The Security Council today demanded that all parties to armed conflict take immediate action to protect civilians, including women and children, from all forms of sexual violence, and urged greater measures by States and the United Nations to combat this scourge.
In a unanimously adopted resolution, the Council also requested that Secretary-General Ban Ki-moon appoint a Special Representative to provide coherent and strategic leadership to address sexual violence in armed conflict.
In addition, the 15-member body called on the UN chief to identify and take appropriate measures to deploy rapidly a team of experts to situations of particular concern with respect to sexual violence in armed conflict.
Mr. Ban told the meeting – chaired by Secretary of State Hillary Clinton of the United States, which holds the Council’s rotating presidency for this month – that despite some progress in responding to the problem, the deliberate targeting of civilians continues unabated.
“The international community must do more to prevent violence, protect individuals, punish perpetrators and provide redress to victims,” he stated.
In a report issued on the issue in July, Mr. Ban called for States to strengthen prevention and protection measures against the systematic use of sexual violence as a weapon, a practice that is rife in armed conflicts in Africa, Asia and Europe.
He has also called on the Council to set up an independent commission of inquiry into sexual violence in the conflicts in Chad, Sudan and the Democratic Republic of the Congo (DRC). In the eastern DRC alone, at least 200,000 cases of sexual violence have been recorded since 1996.
Mr. Ban welcomed today’s resolution, saying it sends “an unequivocal message – a call to action,” and builds on resolution 1820 of 2008, which itself set an important precedent by recognizing the links between sexual violence and sustainable peace and security.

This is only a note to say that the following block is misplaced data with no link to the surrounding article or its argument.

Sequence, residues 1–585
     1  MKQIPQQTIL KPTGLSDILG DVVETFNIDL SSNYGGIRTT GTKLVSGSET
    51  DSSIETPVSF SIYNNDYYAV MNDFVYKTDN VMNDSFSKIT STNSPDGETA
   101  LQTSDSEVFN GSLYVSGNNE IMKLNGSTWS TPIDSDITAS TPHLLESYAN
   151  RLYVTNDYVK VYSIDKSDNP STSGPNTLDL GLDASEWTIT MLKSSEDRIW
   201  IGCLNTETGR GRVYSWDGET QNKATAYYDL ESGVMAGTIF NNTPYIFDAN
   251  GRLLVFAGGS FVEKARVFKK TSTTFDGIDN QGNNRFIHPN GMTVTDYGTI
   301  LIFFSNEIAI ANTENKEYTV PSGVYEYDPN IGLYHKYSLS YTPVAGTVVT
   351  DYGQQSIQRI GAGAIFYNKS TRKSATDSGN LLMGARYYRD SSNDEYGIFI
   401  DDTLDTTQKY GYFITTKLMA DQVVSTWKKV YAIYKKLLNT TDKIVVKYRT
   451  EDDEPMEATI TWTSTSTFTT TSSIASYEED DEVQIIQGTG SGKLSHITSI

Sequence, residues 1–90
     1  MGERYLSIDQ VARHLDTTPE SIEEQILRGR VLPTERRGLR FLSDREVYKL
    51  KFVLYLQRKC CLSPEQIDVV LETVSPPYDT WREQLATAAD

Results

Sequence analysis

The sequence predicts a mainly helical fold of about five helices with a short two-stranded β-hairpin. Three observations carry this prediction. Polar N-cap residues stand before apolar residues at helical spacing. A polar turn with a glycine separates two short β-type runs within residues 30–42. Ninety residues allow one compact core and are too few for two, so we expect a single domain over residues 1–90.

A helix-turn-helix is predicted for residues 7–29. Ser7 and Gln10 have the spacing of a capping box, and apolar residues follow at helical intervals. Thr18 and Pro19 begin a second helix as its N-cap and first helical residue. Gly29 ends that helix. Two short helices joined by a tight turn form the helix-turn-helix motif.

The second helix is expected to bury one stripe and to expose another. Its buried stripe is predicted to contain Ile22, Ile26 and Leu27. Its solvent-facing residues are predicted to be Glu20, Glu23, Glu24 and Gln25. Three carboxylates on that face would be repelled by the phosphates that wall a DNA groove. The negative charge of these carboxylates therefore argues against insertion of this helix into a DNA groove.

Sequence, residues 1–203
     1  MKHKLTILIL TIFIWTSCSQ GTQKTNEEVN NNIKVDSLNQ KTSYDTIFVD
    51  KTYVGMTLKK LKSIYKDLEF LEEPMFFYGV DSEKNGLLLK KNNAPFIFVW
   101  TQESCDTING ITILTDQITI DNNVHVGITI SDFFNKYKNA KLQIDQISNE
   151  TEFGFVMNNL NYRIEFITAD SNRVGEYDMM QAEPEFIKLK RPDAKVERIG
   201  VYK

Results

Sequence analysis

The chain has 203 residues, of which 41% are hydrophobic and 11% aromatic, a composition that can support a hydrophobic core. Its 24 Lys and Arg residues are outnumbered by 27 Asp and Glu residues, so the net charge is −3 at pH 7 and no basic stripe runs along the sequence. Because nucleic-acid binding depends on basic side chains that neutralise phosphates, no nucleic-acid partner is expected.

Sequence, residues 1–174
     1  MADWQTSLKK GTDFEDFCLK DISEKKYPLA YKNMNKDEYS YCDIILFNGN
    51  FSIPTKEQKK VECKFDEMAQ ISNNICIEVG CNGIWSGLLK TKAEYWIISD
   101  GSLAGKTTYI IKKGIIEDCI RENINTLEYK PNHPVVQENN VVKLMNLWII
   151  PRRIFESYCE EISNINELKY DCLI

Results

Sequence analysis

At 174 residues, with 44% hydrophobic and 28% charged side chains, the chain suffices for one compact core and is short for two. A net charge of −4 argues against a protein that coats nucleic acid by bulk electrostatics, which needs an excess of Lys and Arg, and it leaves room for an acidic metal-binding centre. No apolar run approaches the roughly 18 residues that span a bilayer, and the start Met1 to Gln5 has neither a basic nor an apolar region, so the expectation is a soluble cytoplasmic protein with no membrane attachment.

He reiterated, in a statement issued by his spokesperson after the meeting, his full commitment to ensuring that the provisions of both 1820 and 1888 – adopted today – are implemented in partnership with all relevant stakeholders, and called for the Council’s continued engagement to eradicate sexual violence.
Among the world body’s efforts to address the problem is an inter-agency network, UN Action Against Sexual Violence in Conflict, which unites 12 UN entities in the goal of ending sexual violence in armed conflict.
“Sexual violence – in armed conflict or, indeed, at any time – should have no place and find no haven in our world,” he stated. “We must all do our part to fight and end discrimination against women and girls.”
The resolution adopted today also urges States to undertake a number of measures, including to bring perpetrators of sexual violence in armed conflict to justice and to ensure that survivors have access to justice.
The Council also decided to include specific provisions for the protection of women and children from rape and other sexual violence in the mandates of UN peacekeeping operations, including, on a case-by-case basis, the identification of women’s protection advisers.
The Executive Director of the UN Children’s Fund (UNICEF) welcomed the resolution adopted today which she said complements resolution 1820 and sets in place mechanisms that should contribute to ending impunity for perpetrators of sexual violence.
“Resolution 1888 is an important next step, adding additional impetus to international efforts to stamp out sexual violence, ensuring that sexual violence is taken into account in United Nations-sponsored peace negotiations, and strengthening accountability for violations through the new reporting mechanism it establishes,” Ann M. Veneman said in a statement.
UN Development Programme (UNDP) Administrator Helen Clark added her voice to those welcoming the text, saying its adoption shows there is now significant international support and momentum behind finding solutions to the scourge of sexual violence during and in the aftermath of armed conflict.
“It is important to provide women and children traumatised by these crimes access to justice, and to end the impunity afforded to perpetrators,” she said. “It is also important to work with grassroots organizations, both in the prevention of and response to sexual violence.”